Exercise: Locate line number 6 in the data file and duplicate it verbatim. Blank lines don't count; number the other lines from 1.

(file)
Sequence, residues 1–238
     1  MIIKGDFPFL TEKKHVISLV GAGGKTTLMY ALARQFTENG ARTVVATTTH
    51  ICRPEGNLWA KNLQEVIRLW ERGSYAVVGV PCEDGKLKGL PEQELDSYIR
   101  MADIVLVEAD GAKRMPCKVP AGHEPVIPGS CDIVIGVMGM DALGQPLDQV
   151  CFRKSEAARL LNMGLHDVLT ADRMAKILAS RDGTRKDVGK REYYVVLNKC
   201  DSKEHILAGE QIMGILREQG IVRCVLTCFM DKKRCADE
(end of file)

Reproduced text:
   201  DSKEHILAGE QIMGILREQG IVRCVLTCFM DKKRCADE